There are other environmental problems as well. Industrial agro-fuels require large applications of petroleum-based fertilizers, whose global use—now at 45 million tons/year—has more than doubled the biologically available nitrogen in the world, contributing heavily to the emission of nitrous oxide, a greenhouse gas 300 times more potent than CO². In the tropics—where most of the world’s agro-fuels will soon be grown—chemical fertilizer has 10-100 times the impact on global warming compared to temperate soil applications.[3] To produce a liter of ethanol takes three to five liters of irrigation water and produces up to 13 liters of waste water. It takes the energy equivalent of 113 liters of natural gas to treat this waste, increasing the likelihood that it will simply be released into the environment to pollute streams, rivers and groundwater[4] Intensive cultivation of fuel crops also leads to high rates of erosion, particularly in soy production—from 6.5 tons/hectare in the U.S. to up to 12 tons/hectare in Brazil and Argentina.”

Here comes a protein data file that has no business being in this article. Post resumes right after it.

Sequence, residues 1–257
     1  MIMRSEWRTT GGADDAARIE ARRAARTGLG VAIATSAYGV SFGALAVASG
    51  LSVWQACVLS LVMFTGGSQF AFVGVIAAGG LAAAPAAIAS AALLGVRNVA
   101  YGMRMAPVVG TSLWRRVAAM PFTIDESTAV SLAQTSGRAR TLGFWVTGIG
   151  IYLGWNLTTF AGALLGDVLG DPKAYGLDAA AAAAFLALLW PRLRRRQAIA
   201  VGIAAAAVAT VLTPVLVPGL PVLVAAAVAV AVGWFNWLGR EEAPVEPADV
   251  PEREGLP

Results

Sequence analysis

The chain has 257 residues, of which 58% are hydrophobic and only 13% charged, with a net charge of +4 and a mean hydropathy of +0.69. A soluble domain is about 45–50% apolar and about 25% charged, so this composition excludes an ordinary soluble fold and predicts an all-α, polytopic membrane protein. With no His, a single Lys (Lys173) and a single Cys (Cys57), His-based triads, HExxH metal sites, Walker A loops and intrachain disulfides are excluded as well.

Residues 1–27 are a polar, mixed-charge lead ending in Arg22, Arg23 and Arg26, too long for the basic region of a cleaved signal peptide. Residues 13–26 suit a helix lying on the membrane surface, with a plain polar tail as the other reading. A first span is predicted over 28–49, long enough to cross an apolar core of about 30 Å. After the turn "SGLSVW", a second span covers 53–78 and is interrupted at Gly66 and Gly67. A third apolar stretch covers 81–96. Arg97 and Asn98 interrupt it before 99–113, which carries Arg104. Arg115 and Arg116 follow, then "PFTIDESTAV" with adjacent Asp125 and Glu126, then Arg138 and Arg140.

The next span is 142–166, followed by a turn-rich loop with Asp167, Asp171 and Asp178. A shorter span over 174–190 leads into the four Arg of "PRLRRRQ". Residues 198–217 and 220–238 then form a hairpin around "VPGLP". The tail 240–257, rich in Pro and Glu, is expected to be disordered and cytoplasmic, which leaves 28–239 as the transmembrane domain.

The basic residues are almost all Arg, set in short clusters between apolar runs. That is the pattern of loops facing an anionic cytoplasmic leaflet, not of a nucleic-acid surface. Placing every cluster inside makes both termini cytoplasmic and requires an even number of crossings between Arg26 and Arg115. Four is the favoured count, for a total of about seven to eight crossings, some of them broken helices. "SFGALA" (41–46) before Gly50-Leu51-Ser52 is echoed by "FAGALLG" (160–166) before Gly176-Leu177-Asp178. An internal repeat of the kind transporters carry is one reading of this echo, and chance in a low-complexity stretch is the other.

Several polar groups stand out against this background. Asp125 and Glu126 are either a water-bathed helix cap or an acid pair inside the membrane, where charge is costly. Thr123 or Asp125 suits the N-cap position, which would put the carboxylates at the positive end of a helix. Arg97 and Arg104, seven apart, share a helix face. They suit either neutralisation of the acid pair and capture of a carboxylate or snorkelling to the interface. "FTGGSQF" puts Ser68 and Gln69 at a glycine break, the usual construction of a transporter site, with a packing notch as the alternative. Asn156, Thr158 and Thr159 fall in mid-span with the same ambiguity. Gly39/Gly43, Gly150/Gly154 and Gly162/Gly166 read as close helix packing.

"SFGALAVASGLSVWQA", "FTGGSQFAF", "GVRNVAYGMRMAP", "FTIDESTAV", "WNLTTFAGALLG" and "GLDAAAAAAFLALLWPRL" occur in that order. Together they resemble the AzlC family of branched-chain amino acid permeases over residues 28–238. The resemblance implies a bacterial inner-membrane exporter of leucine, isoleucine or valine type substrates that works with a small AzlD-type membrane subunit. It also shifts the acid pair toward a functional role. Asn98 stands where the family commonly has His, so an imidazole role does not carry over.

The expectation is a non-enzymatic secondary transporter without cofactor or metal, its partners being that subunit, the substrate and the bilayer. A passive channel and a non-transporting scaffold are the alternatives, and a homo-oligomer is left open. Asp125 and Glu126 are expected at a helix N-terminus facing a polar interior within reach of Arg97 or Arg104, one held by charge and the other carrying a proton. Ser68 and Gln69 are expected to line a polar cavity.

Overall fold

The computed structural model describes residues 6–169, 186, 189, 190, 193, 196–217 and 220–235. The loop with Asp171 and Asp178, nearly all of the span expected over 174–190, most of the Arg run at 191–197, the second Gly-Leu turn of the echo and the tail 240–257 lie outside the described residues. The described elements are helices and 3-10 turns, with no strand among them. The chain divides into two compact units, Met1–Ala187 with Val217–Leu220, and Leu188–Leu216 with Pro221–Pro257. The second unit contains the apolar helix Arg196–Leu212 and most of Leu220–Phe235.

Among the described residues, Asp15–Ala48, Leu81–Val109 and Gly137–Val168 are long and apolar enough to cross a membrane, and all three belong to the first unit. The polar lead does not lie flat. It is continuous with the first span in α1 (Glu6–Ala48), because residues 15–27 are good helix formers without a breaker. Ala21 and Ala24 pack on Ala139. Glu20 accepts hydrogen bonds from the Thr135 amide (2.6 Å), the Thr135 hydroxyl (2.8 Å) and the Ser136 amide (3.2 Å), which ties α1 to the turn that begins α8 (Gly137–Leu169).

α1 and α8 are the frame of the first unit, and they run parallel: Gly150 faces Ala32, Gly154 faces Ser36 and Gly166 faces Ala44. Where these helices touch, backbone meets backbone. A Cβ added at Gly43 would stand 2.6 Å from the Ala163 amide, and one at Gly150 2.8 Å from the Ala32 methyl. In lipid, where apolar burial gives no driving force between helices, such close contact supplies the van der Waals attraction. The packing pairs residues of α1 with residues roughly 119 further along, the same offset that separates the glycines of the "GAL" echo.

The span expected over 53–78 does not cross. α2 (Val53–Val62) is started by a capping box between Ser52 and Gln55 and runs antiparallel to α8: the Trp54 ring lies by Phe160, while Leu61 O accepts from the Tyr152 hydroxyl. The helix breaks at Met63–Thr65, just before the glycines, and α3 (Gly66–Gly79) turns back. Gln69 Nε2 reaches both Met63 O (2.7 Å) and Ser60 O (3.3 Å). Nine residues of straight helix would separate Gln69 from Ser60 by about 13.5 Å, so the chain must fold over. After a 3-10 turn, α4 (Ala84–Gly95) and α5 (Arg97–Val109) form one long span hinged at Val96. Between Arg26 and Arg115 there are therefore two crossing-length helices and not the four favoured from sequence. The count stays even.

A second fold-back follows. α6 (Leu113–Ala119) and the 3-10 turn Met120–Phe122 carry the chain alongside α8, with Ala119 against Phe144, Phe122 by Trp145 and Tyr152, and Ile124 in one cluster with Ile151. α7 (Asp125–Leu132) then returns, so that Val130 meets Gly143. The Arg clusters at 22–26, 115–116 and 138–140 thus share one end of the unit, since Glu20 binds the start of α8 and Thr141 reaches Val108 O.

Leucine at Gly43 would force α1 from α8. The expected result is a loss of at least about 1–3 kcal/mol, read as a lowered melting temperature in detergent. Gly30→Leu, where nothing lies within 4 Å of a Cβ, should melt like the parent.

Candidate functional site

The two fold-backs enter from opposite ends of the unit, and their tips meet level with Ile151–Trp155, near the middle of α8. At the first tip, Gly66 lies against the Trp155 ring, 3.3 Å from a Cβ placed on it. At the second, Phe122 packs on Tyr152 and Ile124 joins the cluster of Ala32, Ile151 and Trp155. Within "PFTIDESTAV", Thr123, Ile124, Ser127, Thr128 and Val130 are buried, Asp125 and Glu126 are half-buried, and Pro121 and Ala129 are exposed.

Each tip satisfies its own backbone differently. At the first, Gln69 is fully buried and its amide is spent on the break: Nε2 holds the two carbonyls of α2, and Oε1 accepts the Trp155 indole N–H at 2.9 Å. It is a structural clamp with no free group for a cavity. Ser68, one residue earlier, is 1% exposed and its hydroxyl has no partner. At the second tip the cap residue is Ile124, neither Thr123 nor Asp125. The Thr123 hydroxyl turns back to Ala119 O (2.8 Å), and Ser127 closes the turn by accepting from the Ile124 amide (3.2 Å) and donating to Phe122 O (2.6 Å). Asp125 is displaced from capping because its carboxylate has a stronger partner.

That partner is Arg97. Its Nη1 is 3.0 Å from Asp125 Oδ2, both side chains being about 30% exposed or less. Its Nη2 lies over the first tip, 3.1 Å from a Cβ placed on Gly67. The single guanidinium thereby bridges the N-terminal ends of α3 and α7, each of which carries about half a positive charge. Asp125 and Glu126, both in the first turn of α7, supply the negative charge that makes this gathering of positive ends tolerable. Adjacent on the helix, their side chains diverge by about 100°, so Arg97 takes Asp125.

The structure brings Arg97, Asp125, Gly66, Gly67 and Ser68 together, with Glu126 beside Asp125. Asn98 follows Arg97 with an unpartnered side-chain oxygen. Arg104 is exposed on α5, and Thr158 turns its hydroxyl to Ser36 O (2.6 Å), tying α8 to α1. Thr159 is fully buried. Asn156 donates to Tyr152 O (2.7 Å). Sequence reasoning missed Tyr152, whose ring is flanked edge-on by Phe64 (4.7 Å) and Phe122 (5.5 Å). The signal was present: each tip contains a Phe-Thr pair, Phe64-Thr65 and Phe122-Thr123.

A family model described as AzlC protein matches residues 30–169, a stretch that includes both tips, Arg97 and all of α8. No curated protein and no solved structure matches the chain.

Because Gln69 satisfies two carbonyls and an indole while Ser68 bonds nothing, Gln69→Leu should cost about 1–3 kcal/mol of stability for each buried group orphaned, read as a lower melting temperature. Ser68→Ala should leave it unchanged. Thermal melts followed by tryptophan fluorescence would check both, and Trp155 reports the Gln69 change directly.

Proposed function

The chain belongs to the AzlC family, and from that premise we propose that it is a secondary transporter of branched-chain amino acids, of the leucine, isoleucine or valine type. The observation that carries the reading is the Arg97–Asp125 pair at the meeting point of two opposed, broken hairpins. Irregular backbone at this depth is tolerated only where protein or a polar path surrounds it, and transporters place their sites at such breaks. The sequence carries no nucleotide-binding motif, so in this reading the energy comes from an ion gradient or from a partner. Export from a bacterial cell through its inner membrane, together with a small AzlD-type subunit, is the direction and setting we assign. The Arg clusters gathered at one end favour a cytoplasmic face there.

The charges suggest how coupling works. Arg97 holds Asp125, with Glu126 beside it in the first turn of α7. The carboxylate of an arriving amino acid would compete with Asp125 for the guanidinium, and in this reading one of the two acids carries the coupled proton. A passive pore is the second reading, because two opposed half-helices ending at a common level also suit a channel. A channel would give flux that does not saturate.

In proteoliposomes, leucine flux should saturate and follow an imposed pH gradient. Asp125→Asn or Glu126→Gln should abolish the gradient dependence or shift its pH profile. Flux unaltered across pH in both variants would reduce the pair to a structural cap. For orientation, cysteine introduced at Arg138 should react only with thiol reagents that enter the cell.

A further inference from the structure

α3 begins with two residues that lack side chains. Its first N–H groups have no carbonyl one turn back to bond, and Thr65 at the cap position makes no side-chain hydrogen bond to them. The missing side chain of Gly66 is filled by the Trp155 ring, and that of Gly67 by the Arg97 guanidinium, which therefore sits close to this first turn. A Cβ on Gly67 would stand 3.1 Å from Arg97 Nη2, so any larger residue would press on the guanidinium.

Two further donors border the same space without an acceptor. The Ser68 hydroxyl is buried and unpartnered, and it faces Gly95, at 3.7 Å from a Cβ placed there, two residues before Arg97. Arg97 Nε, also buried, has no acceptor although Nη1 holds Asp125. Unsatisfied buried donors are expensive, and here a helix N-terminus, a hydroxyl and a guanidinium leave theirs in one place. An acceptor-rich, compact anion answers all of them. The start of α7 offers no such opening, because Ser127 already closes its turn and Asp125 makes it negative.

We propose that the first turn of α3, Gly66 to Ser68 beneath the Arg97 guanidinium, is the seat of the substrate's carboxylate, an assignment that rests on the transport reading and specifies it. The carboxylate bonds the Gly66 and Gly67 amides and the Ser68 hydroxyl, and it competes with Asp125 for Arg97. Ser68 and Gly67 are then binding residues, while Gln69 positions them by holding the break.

Source: Centre for Research on Globalization

Even more significantly, biofuels are a major cause of hunger across the world. In the U.S., farmers who might otherwise grow strawberries and lettuce are growing corn or soybeans for biofuels. Throughout the world, it’s even worse. In countries where food is already scarce, crops grown for biofuels are competing for space with food crops and the biofuel crops are often winning – driving up the costs of food for people who are already paying between 50%-80% of their income on food. As food becomes more expensive, food aid decreases since countries budget aid based on monetary amounts rather than on number of people fed. The Centre for Research on Globalization estimates that by 2025, 1.2 billion people could be chronically hungry.